Author(s): Garg J, Woo K, Hirsch J, Bruffey JD, Dilley RB
Abstract Share this page
Abstract OBJECTIVE: The purpose of this study is to document the incidence of vascular complications during anterior lumbar interbody fusion (ALIF) in 212 consecutive patients treated at the Scripps Clinic and determine what factors adversely affected outcome. METHODS: We reviewed the prospectively maintained database of all ALIF procedures performed at Scripps Clinic between August 2004 and June 2009. All procedures were performed by a spine surgeon in conjunction with a vascular surgeon who performed the exposure portion of the operation, and protected the vessels from injury during the instrumentation phase of the operation. RESULTS: Two hundred twelve ALIF operations were identified. The mean age of the patients was 53.8 years, and 120 (56.6\%) were female. The mean body mass index (BMI) was 29.6 (range, 18.1 to 47.8). Twenty-two (10.4\%) operations were performed at the L4-5 disc space, 149 (70.3\%) at L5-S1, and 41 (19.3\%) involved L4-L5 with L5-S1. The mean estimated blood loss (EBL) was 143 milliliters. There was a significant direct correlation between increasing BMI and EBL (P = .018). Thirteen (6.1\%) vascular injuries occurred of which five were major (38.5\%). One major arterial injury (0.5\%) occurred and required arterial thrombectomy and stent placement. Four of the major vascular injuries were venous in nature and required a multi-suture repair. The remaining eight injuries (61.5\%) were venous, the majority of which required a suture repair. There were no mortalities. There was an increase risk of vascular injury when both L4-L5 and L5-S1 were exposed (P = .003) and with the male gender (P = .013). Calcification of the aorto-iliac system did not exert an effect on EBL or vascular injury. In four cases, the surgeon was unable to expose the appropriate disc levels. CONCLUSIONS: Anterior exposure of the spine for ALIF can be performed safely with a team approach that includes a vascular surgeon. Preoperative evaluation by a vascular surgeon is advisable. Patients with increased BMI and bi-level exposures should be approached with caution.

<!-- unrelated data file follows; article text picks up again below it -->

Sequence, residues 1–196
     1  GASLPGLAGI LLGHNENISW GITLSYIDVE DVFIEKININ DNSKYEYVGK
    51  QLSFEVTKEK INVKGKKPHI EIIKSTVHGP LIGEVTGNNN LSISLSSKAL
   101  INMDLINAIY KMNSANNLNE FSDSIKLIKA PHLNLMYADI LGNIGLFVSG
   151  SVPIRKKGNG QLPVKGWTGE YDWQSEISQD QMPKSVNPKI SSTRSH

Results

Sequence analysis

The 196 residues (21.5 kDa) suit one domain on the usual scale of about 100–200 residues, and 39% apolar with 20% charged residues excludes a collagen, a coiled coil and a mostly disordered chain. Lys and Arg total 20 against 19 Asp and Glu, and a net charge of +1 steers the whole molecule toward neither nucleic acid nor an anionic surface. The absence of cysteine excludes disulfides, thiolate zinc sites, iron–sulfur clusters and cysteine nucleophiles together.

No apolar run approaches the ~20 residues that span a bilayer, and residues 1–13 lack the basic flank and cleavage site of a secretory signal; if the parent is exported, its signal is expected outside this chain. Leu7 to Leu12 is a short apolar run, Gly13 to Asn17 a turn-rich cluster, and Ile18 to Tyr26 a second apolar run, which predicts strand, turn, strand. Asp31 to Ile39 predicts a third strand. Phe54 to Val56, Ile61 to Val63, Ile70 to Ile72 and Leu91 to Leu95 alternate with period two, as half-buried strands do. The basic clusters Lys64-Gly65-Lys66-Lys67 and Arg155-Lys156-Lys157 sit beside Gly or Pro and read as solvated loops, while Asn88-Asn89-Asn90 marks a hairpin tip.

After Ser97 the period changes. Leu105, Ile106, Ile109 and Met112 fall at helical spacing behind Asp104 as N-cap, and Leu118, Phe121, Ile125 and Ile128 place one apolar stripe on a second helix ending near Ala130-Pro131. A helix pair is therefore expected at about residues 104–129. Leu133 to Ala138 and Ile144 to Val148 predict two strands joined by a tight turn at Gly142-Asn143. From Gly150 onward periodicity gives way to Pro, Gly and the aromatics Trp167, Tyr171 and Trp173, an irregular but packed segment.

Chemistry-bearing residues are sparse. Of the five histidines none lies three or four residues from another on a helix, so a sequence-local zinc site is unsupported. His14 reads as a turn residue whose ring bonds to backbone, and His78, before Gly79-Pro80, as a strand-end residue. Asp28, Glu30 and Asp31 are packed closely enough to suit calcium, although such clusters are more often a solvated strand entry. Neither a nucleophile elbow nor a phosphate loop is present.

This article was published in J Vasc Surg
and referenced in Journal of Spine